Saturday, 15 March 2014

Christmas 2013

Yes, I know. It’s mid-March. But I have only just got round to transferring pictures from my iPhone, itself a complete novelty for me, and found these.

It was a relatively warm Christmas in 2013. My mother avers that Christmas in Melbourne is always 25˚C and overcast, but we’d had a spell of hot weather and it was a bit more summery than that.

Neither of us is particularly bothered about Christmas, and we’ve never done it conventionally. Turkey etc has only appeared if we went to relatives’ homes for Christmas, and I’ve not eaten meat since I was about 13 anyway. Moreover, quite a few Christmases have been spent with other vegetarians.

My proposal for the 2013 Christmas was plant-based dishes, and some meaty/cheesy accompaniments for my carnivorous mother, in a kind of mezze-ish arrangement.

As usual, the inner North came up trumps for interesting and reasonably-priced provisions. On the (vegan friendly!) plate are:

Organic baby spinach + organic orange salad;

Organic heirloom radishes (purple, red, white) with Mount Zero salt;

Tomato, red onion, avocado;

Roasted Japanese eggplant with pomegranate arils;

Roasted asparagus (which was a ludicrous 25c a bunch) and roasted chopped almonds.

Plus gigantic Macadamia nuts; Edwards pumpkin seed sourdough; fruit loaf (can’t remember which bakery - either Philippa’s, La Madre or Zeally Bay, courtesy of the Brunswick IGA).

For Madam Carnivore, Chianina bresaola and Fromager d’Affinois with truffles (from DOC Delicatessen), plus butter from Isigny Ste-Mère.

Dessert for the omnivore was Pavlova. I bought half a kilo of cherries from the Vic Market, paid a (relatively) scary sum for red currants, and got some wildly cheap strawberries (not cheap in taste, fortunately). The pavlova recipe was nothing special - Google will yield many, all basically the same. I might have used ACV instead of white vinegar, but otherwise no fiddling there. The cream was vanilla bean cream, though I had originally planned to use marscapone.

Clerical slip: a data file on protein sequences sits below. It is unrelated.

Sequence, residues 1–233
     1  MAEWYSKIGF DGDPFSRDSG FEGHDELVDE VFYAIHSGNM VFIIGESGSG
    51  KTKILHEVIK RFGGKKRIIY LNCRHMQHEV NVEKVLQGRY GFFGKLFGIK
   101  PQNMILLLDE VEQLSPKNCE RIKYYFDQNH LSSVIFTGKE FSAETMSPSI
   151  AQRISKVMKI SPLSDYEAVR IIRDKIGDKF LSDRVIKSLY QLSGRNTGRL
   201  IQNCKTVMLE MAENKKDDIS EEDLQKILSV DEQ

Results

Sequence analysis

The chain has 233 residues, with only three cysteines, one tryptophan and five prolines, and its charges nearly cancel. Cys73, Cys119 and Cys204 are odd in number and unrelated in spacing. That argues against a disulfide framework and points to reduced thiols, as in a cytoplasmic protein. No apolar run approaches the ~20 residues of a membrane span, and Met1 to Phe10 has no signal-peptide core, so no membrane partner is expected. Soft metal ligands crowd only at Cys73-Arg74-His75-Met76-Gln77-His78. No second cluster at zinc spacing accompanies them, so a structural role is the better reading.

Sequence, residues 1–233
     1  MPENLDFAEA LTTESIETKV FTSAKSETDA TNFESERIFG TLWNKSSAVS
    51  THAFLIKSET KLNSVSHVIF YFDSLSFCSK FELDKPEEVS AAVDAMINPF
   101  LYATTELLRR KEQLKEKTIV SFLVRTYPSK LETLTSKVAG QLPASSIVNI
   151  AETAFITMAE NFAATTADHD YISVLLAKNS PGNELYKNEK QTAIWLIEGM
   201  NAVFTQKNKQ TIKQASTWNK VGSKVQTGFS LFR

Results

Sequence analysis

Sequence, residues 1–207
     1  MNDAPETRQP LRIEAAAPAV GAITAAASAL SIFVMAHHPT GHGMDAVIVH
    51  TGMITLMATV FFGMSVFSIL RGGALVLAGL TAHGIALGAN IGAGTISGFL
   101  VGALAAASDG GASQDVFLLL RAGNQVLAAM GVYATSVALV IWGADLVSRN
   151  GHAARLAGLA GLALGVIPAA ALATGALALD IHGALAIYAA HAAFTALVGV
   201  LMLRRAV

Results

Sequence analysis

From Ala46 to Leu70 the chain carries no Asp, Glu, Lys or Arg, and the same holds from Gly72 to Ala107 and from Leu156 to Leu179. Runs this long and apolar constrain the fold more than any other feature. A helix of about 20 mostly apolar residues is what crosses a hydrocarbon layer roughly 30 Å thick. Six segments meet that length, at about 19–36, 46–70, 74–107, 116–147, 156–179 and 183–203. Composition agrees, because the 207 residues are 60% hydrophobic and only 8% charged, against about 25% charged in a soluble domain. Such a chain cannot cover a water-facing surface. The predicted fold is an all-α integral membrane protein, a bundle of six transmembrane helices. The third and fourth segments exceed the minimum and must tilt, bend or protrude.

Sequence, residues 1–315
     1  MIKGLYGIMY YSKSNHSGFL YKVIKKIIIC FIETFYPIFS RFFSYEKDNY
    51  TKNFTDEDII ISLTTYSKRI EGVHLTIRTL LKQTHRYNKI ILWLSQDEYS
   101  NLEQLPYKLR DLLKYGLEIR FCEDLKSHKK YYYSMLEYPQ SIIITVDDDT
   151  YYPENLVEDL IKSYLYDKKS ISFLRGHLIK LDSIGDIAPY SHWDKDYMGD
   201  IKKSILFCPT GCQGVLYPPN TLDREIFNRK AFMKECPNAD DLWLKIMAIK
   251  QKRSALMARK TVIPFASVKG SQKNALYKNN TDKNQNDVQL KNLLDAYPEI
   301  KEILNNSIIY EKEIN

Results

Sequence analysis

I gorged myself on cherries, nearly (but not quite!) sickening myself of them in the process. 

I think the most significant lesson from this was that the odd luxury item, like a pomegranate, can make an enormous difference to a dish. Realistically, a couple of dollars on the odd special ingredient shouldn't be kept only for Christmas. So I will probably make the eggplant dish more often. 

Saturday, 1 March 2014

Echt Apple Pie

This, I apologise, is not remotely vegan, but easily veganised.

I spotted Bramley apples at one of the Vic Market’s organic stalls last week, and promised my mother that the next time I visited I would make a proper apple pie. Happily, when I went to get said apples, I saw that new season Cox’s were also available. Hurrah for freedom from the tyranny of Royal Galas (my particular bete noir) and other mainstream apple varieties.

According to St Delia, and others, the best apple pies involve two sorts of apples: Bramleys, which are unpleasant raw but turn into velvety fluff when cooked; and Cox’s. (Incidentally, the Wiki page needs correcting - it’s not the case that Cox’s are unsuitable for cooking.)

Pleasingly, Delia’s recipe (in her Winter Collection) uses parsimonious quantities of fat and sugar, and a colossal quantity of apples. Intriguingly, she also uses Cheddar cheese in the crust.

I made a number of variations to her recipe.

For the pastry, I used all butter, rather than half butter and half lard. I omitted the cheese, because the only cheeses in the house were completely unsuitable. I also substituted about 80g of the plain flour with lupin flour, because it was there and because I could. (This ups the protein content slightly.)

For the filling, Delia recommends scattering semolina over the pastry base before alternating layers of sliced apples with sugar and studding with the odd clove.

I mixed together apple cake spice (Gewurtzhaus), sugar, vanilla sugar, cardamom pistachio sugar (Gewurtzhaus again!), ground linseed/flaxseed.

It was appallingly steamy in Melbourne, so I had to work quickly with the pastry. Fortunately it rolled out beautifully. Just under half was used to line a glass pie dish (though metal would be better), and a scattering of the ground flaxseed mixture went on top, followed by layers of apple and the flax/spice/sugar mix. The remaining pastry was rolled out, draped over the top, sealed and covered with egg wash.

In view of the weather, the pie was refrigerated while the oven heated up.

I had to ignore the cooking time, since my mother’s oven is markedly cooler than it pretends to be, and it was well over an hour before it was ready. 

And obviously vanilla ice-cream was mandatory.

What was good about this recipe is that, apart from the tedium of peeling, coring and slicing the apples, the rest was dead easy to assemble. No blind baking. No pre-cooing of the apples. In general, not a lot of faff.

I’ve yet to try vegan pastry making, but presumably it would be easy enough to veganise with appropriate non-animal fats.